0 ratings0% found this document useful (0 votes)

1 views25 pagesBlumson, 2019 - Isabelle for Philosophers.pdf

© © All Rights Reserved

PDF, TXT or read online from Scribd

© All Rights Reserved

0 ratings0% found this document useful (0 votes)

1 views25 pagesBlumson, 2019 - Isabelle for Philosophers.pdf

© All Rights Reserved

You are on page 1of 25

Ben Blumson

to lose hours like slaves in the

labour of calculation which could

safely be relegated to anyone

else if machines were used.

and students of philosophy.1

1 Propositional Logic

Imagine you are caught in an air raid in the Second World War. You might

reason as follows:

Suppose that I will. Then even if I take precautions, I will be

killed, so any precautions I take will be ineffective. But suppose

I am not going to be killed. Then I won’t be killed even if I

neglect all precautions; so on this assumption, no precautions

∗

This draft is based on notes for students in my paradoxes and honours metaphysics

classes – I’m grateful to the students for their help, especially Mark Goh, Zhang Jiang,

Kee Wei Loo and Joshua Thong. I’ve also benefitted from discussion or correspondence

on these issues with Zach Barnett, Sam Baron, David Braddon-Mitchell, Olivier Danvy,

Paul Oppenheimer, Bruno Woltzenlogel Paleo, Michael Pelczar, David Ripley, Divyanshu

Sharma, Manikaran Singh, Neil Sinhababu and Weng Hong Tang.

1

I found a very useful introduction to be Nipkow [8]. Another still helpful, though

unfortunately dated, introduction is Grechuk [6]. A person wishing to know how Isabelle

works might first consult Paulson [9]. For the software itself and comprehensive docu-

mentation, see https://isabelle.in.tum.de/. Then for the source code of this document

see https://github.com/benblumson/IsabelleIntroduction. Isabelle might not be the right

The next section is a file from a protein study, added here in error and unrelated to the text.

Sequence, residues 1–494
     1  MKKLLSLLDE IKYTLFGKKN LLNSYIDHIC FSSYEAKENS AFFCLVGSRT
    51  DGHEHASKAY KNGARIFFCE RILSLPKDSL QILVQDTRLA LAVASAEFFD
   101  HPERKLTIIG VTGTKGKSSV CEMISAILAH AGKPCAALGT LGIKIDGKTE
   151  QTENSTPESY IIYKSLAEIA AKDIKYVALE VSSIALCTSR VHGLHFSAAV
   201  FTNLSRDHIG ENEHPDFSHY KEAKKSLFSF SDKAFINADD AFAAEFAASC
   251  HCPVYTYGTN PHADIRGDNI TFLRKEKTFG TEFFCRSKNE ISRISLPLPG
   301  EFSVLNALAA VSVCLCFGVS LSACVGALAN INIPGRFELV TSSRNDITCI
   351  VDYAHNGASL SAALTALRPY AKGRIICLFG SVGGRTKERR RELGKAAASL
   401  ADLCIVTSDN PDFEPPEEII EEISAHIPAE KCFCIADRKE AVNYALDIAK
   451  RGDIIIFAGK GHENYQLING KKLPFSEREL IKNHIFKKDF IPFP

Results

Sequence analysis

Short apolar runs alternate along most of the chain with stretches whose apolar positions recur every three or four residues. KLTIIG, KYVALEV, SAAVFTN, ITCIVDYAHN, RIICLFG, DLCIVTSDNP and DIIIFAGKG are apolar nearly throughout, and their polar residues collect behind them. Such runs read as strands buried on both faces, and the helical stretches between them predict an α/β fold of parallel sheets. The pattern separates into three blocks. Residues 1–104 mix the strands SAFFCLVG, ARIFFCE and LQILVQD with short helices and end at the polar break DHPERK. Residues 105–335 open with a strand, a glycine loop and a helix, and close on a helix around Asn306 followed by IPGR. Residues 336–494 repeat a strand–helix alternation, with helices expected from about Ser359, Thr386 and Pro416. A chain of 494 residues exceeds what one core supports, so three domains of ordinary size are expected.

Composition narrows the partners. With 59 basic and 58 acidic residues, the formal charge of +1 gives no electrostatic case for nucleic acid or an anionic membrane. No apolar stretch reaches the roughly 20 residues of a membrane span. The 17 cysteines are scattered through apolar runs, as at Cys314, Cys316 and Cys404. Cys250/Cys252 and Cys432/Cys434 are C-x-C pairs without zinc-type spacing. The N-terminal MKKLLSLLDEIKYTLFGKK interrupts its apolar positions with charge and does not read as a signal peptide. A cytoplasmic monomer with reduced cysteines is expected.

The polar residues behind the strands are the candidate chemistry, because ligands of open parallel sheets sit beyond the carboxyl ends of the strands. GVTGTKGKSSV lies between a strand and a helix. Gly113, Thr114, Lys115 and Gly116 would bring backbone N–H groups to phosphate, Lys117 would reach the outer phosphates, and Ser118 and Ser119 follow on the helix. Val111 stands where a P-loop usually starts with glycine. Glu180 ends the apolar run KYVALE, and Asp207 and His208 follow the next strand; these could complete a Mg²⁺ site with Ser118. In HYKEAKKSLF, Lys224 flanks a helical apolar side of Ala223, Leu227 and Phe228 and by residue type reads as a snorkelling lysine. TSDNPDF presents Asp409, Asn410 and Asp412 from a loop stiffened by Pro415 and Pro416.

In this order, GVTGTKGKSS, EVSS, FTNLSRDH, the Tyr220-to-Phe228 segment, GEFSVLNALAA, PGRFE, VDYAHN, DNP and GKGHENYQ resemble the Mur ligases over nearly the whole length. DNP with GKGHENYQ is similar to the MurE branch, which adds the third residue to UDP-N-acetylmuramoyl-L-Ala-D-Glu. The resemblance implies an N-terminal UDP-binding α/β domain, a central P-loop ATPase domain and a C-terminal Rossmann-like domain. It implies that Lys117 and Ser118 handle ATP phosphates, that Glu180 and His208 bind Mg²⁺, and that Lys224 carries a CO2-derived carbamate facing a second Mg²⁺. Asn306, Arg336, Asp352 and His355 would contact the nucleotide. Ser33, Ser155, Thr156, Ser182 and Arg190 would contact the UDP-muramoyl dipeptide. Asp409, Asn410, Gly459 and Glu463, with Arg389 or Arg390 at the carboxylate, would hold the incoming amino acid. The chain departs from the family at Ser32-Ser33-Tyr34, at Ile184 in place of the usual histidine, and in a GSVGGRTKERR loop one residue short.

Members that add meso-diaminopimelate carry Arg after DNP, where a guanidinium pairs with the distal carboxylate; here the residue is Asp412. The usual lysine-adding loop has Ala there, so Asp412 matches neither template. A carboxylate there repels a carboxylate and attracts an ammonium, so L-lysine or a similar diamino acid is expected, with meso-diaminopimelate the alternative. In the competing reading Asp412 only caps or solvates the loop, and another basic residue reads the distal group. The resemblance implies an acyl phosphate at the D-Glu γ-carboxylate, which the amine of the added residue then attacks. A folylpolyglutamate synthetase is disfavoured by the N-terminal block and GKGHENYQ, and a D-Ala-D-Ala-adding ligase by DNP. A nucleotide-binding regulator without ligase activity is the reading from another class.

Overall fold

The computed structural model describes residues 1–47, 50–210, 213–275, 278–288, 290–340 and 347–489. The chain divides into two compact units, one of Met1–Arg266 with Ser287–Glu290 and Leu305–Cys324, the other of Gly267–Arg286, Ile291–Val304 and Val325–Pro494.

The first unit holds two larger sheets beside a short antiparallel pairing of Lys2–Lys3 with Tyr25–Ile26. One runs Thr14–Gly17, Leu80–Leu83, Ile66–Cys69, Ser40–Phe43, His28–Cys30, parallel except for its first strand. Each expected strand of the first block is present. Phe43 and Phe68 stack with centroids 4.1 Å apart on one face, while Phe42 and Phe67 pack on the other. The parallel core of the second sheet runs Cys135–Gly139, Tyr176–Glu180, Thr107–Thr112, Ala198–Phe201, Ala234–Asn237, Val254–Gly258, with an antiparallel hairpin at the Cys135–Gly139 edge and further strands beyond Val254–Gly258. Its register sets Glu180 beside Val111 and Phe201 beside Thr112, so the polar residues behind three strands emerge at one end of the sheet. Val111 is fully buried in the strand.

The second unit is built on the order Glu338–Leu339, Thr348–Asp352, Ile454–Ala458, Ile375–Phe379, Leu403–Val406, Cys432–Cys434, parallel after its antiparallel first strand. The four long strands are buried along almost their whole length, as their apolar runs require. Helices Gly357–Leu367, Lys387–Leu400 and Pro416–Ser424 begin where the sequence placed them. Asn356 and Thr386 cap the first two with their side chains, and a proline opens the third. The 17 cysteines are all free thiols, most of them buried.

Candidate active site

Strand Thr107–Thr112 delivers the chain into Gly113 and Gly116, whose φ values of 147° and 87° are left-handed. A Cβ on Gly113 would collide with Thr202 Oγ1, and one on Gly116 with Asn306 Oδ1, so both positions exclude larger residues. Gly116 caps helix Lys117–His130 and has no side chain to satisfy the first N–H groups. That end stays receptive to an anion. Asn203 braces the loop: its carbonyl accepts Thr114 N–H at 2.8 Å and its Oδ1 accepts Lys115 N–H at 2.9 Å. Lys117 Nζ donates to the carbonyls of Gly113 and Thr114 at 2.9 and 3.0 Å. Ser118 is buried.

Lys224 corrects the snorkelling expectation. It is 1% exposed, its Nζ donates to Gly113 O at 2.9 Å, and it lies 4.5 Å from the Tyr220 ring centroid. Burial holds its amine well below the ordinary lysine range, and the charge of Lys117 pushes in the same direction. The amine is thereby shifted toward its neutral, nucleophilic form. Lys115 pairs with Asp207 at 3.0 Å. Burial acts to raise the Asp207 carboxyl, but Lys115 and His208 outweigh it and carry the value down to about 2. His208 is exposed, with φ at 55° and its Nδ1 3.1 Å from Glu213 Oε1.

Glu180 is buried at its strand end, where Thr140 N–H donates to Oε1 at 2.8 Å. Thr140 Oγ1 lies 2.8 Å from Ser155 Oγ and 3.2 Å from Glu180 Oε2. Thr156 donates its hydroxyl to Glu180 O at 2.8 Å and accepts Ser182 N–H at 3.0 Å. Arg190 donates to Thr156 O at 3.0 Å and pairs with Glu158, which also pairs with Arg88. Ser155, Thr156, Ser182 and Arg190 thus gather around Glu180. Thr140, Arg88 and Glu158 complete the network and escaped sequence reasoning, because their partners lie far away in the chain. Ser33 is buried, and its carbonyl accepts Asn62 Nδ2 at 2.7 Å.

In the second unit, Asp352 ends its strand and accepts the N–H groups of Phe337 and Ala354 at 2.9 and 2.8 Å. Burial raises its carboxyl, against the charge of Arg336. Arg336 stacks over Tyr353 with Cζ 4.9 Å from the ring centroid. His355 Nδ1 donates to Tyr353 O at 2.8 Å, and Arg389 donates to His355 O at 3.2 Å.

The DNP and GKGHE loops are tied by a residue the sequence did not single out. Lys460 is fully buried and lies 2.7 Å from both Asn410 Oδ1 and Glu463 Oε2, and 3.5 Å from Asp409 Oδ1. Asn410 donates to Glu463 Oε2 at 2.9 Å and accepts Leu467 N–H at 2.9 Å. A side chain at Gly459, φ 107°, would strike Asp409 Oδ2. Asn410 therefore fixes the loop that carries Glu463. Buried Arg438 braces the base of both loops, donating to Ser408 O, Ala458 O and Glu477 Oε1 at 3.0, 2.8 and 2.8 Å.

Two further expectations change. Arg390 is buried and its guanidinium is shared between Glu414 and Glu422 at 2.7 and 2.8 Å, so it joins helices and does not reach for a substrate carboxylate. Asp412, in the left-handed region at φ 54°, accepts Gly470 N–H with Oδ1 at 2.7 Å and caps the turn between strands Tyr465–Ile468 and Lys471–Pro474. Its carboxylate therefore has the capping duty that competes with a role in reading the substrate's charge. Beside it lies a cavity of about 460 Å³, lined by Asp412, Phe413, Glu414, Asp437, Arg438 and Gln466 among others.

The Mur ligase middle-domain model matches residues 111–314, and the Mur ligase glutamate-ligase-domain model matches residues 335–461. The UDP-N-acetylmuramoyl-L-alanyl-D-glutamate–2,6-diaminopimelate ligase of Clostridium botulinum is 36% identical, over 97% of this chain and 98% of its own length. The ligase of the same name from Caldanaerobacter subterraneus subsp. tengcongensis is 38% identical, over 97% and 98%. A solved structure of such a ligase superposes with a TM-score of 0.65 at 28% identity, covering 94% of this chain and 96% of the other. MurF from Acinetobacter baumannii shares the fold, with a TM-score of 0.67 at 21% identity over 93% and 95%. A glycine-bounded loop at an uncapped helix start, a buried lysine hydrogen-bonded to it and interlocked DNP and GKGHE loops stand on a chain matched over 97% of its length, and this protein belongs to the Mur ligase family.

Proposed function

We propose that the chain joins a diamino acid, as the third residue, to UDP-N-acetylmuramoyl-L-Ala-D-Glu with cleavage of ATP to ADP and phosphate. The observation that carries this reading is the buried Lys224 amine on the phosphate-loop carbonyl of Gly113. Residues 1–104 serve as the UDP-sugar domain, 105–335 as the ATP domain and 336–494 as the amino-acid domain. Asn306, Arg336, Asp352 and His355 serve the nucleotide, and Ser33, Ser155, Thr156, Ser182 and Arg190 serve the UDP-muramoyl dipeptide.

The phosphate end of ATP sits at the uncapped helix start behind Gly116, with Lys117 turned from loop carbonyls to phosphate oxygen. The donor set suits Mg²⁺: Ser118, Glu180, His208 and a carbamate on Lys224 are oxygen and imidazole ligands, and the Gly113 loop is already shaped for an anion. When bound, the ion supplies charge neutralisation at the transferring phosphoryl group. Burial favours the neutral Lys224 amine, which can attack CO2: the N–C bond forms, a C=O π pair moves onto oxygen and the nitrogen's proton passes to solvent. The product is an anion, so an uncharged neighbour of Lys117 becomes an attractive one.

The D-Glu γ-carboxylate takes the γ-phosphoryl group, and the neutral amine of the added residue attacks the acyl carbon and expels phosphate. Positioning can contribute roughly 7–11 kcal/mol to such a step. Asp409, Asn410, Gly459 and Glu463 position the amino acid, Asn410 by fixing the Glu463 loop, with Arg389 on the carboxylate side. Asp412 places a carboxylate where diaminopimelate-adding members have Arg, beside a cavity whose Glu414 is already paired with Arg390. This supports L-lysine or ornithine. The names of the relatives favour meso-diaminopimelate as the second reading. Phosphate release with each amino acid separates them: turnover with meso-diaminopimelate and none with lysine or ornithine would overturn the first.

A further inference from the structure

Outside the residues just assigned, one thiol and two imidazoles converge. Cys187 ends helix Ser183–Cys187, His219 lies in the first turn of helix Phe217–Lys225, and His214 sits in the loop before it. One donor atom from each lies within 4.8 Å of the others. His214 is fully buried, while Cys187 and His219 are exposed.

tool for your project – for a comparison of alternatives see Wiedijk [15].

1

are necessary to avoid being killed. Either way, any precautions

I take will be either ineffective or unnecessary, and so pointless.2

First, if the argument were successful, then it would establish a version

of fatalism, according to which we cannot influence future events. Any

future event will either happen or not. If it happens then, according to the

argument, it will happen even if I try to prevent it. On the other hand, if it

doesn’t happen, then it won’t happen regardless of whether I try to prevent

it. Either way, trying to prevent it is pointless. And the same goes for trying

to prevent or bring about any other future event.

Second, and more importantly for our purposes, the argument is an example

of a style emulated by the natural deduction rules for propositional logic.3

In this system, each propositional connective is associated with two rules:

an introduction rule, which allows you to introduce it into an argument, and

an elimination rule, which allows you to derive something from it. Proofs in